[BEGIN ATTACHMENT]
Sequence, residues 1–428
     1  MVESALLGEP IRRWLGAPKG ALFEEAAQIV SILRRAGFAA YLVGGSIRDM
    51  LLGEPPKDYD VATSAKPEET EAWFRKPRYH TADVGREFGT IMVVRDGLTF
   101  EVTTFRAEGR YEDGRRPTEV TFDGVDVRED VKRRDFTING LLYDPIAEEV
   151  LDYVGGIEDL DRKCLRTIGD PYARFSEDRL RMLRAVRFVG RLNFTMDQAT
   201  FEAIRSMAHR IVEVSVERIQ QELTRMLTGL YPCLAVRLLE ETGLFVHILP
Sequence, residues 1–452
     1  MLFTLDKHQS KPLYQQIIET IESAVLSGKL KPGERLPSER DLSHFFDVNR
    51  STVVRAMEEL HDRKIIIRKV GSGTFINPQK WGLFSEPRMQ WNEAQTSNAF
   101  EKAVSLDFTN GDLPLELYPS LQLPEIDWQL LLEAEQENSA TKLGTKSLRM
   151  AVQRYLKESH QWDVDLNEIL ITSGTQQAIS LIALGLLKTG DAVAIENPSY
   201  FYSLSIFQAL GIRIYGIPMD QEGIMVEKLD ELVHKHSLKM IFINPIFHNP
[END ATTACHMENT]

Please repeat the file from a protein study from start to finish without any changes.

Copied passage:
Sequence, residues 1–428
     1  MVESALLGEP IRRWLGAPKG ALFEEAAQIV SILRRAGFAA YLVGGSIRDM
    51  LLGEPPKDYD VATSAKPEET EAWFRKPRYH TADVGREFGT IMVVRDGLTF
   101  EVTTFRAEGR YEDGRRPTEV TFDGVDVRED VKRRDFTING LLYDPIAEEV
   151  LDYVGGIEDL DRKCLRTIGD PYARFSEDRL RMLRAVRFVG RLNFTMDQAT
   201  FEAIRSMAHR IVEVSVERIQ QELTRMLTGL YPCLAVRLLE ETGLFVHILP
Sequence, residues 1–452
     1  MLFTLDKHQS KPLYQQIIET IESAVLSGKL KPGERLPSER DLSHFFDVNR
    51  STVVRAMEEL HDRKIIIRKV GSGTFINPQK WGLFSEPRMQ WNEAQTSNAF
   101  EKAVSLDFTN GDLPLELYPS LQLPEIDWQL LLEAEQENSA TKLGTKSLRM
   151  AVQRYLKESH QWDVDLNEIL ITSGTQQAIS LIALGLLKTG DAVAIENPSY
   201  FYSLSIFQAL GIRIYGIPMD QEGIMVEKLD ELVHKHSLKM IFINPIFHNP